Most people today live in a sea of radiofrequencies emitted from wireless technologies of all kinds, from routers to smartphones, tablets, baby monitors, TVs, appliances, smart meters and many more.

According to many experts, chronic, heavy exposure could have severe repercussions for our health, especially that of children, who are now exposed even before birth. Research also suggests interaction with social media, games and apps online produces a number of effects, both physical and psychological.

Heavy Use of Wireless Devices Changes Brain Structure in Children

In the largest long-term study1,2,3 of brain development and youth health in the U.S., the Adolescent Brain Cognitive Development (ABCD) Study,4 reveals the brains of the most prolific users of electronic devices look different compared to those who use smartphones, tablets and video games less frequently.

In all, more than 11,000 children will be followed for a decade to assess how various childhood experiences and environments affect brain development and psychological health. As noted by the researchers,5 “The data will provide a resource of unprecedented scale and depth for studying typical and atypical development.”

These preliminary findings, based on the brain scans of 4,500 9- to 10-year-olds, reveal children who use electronic devices for seven hours or more each day have premature thinning of the brain cortex, the outer brain layer that processes information from the five physical senses (taste, touch, sight, smell and sound).

The exact ramifications of this anomaly are still unknown. According to Dr. Gaya Dowling, a researcher with the National Institutes of Health, which is sponsoring the $300 million study, thinning of the cortex is thought to be part of the brain maturation process, so what these scans are showing is that this process is being sped up in children who get a lot of screen time6 (7-plus hours a day).

They cannot prove that the changes are definitively caused by the screen time, and the full effects won’t be known until years from now, as the emotional and mental health outcomes of these children are evaluated. Still, preliminary results suggest as little as two hours of screen time per day may impact cognition, resulting in lower scores on thinking and language tests.

American Academy of Pediatrics’ Guidelines for Screen Time

According to the “Growing Up Digital” report by the American Academy of Pediatrics (AAP), published in October 2015:7

“The 2013 Zero to Eight study … showed that 38 percent of infants younger than age 2 use mobile devices like smartphones. A 2015 Pew Research study reports that 73 percent of 13- to 17-year-olds have smartphones and 24 percent admit using their phones almost constantly.”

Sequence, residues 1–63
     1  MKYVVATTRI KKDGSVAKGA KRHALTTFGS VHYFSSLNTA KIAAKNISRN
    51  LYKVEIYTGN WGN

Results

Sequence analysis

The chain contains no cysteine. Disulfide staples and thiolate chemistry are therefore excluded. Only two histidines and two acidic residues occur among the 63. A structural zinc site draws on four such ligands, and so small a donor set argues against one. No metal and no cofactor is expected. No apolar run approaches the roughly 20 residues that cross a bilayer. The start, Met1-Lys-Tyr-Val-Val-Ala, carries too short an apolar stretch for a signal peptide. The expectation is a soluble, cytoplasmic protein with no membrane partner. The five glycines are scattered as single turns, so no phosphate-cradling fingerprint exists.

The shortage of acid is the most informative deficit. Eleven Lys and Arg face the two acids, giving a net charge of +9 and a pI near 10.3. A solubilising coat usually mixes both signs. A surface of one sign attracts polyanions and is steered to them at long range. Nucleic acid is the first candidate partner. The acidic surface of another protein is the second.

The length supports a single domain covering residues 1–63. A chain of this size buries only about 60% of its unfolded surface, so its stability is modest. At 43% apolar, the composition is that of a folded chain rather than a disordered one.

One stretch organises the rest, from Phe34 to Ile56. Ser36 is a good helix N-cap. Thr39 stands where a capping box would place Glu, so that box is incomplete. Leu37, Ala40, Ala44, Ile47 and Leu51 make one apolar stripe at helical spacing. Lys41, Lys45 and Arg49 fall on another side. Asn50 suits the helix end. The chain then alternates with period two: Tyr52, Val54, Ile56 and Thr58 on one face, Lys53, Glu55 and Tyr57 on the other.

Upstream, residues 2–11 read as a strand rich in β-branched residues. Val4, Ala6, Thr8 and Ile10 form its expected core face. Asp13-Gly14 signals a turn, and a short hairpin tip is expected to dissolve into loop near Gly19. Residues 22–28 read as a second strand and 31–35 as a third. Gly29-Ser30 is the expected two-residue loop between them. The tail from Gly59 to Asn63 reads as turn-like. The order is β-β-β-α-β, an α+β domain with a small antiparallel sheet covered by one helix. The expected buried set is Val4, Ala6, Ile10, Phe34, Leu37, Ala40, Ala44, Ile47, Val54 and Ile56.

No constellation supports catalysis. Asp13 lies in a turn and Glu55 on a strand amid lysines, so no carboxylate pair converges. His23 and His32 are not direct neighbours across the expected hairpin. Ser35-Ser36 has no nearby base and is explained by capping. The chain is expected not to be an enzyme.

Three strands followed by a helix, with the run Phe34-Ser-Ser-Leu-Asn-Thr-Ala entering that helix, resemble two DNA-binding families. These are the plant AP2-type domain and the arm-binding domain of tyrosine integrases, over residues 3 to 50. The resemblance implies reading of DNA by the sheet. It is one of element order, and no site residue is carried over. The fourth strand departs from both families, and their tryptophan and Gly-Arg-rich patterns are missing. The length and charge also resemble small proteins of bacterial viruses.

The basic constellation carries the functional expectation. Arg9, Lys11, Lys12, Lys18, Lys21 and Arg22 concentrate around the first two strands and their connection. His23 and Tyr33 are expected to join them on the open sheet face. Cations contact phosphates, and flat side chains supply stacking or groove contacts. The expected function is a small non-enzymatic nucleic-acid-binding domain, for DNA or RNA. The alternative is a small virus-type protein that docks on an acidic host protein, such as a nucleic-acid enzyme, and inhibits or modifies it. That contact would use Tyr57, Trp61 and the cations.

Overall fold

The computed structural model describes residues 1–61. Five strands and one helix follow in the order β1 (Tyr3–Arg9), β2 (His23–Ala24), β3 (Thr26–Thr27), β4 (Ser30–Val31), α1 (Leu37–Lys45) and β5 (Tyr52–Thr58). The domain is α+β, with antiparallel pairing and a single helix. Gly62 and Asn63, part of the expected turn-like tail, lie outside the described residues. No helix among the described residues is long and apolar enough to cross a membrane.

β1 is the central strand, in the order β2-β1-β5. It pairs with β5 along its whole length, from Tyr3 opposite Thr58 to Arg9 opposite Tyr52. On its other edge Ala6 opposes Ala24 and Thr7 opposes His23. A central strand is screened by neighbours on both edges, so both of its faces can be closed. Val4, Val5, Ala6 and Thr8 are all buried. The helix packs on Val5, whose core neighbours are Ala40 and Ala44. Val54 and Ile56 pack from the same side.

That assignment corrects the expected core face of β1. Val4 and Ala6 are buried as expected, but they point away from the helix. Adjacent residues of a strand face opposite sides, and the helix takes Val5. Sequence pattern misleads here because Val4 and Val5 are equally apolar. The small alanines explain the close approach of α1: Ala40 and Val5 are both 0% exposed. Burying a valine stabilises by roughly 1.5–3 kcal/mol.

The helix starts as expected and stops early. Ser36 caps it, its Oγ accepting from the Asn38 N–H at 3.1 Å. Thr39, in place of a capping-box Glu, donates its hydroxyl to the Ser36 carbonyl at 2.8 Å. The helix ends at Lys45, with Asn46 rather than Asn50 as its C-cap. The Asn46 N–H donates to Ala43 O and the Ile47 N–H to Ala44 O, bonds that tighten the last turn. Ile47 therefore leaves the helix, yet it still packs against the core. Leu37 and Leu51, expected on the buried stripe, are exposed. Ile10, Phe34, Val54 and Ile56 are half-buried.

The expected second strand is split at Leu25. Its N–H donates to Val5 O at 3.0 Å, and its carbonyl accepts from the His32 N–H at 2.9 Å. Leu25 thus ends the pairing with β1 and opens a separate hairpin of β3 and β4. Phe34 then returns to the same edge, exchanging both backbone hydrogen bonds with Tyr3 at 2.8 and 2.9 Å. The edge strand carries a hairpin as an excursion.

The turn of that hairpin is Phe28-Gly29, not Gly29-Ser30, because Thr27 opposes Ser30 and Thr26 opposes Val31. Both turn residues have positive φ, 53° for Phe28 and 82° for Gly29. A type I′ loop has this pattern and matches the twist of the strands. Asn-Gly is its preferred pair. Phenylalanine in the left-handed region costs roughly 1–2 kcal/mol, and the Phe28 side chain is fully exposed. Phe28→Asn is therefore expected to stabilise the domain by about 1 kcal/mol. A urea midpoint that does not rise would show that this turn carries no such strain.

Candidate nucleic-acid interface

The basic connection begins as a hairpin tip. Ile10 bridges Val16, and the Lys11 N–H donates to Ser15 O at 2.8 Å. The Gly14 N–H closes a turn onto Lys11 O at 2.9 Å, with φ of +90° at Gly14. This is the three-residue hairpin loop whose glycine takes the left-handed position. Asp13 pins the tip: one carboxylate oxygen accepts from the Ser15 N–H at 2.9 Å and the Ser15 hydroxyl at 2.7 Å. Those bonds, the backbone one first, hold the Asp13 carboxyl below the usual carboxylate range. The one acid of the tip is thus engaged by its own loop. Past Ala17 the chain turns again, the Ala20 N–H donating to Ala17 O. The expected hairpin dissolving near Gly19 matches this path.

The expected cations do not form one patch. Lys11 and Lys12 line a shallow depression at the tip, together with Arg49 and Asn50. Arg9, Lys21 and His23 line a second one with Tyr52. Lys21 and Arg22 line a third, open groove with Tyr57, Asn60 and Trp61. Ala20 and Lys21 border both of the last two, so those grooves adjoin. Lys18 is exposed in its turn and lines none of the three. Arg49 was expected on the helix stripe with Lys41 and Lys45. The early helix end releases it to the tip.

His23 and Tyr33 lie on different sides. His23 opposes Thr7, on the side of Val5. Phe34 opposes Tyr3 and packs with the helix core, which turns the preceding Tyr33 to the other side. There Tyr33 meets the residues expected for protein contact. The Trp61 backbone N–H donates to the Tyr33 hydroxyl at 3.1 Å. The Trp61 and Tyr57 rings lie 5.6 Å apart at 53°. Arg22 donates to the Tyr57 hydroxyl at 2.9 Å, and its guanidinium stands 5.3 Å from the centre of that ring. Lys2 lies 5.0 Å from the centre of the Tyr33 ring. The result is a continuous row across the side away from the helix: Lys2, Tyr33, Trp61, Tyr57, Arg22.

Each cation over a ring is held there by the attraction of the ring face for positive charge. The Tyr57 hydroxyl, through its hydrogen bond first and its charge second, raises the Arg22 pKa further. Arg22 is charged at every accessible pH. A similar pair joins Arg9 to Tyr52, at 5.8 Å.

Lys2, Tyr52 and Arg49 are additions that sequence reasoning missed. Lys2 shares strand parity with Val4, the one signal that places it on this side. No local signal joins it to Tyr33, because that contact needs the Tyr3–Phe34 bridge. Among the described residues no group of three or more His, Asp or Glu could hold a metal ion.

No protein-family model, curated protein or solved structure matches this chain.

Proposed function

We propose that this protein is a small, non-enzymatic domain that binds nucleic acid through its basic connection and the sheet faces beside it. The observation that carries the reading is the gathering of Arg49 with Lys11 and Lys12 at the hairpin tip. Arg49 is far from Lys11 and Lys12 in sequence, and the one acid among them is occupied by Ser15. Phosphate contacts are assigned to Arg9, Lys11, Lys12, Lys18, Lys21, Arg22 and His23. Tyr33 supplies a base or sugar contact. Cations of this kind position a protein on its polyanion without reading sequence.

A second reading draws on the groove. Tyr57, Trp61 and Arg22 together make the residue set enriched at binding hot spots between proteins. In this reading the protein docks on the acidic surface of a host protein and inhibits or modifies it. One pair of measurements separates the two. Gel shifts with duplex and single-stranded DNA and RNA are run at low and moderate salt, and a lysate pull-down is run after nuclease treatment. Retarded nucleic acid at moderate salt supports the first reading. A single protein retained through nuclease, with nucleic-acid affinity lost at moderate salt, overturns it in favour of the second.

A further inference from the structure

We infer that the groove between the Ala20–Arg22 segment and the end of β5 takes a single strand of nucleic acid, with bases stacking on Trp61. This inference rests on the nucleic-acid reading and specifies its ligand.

The report cites data from research showing infants under the age of 1 do not effectively learn language from videos, whereas they do learn language from live interactions. Up to age 2, live presentations are far superior for language processing and learning compared to video presentations.

According to the report, “It is clear that very young children need ‘contingent interaction — two-way social interchange — to promote learning.” This is also noted in the 60 Minutes report8 (see featured video).

Research shows that babies do not transfer what they learn from the iPad to the real world, or from two-dimensional interaction to three-dimensional reality. For example, the ability to play with virtual Legos does not transfer over into the skill of manipulating real Lego blocks.

Despite such concerns, the 2015 AAP guidelines for screen time for children relaxed its recommendations, noting that “Parents should model responsible media use,” and that media content and diversity are important considerations, but that video games can be “powerful tools for learning because they help youth work toward reward,” and “engage in experimentation.”

Previous guidelines — developed before the popularity of iPads and smartphone apps designed for young children — discouraged all screen time for children under the age of 2, and recommended a limit of two hours of screen time for kids older than 2.

The updated guidelines removed specific time limits, stressing the need for parental control instead. Recommendations include setting limits for screen time at every age, avoiding displacement (i.e., not letting screen time dominate and take the place of face-to-face interactions and creative play), addressing digital etiquette, engaging in digital media use together, and establishing definitive media-free zones and periods, such as during meals and at bedtime.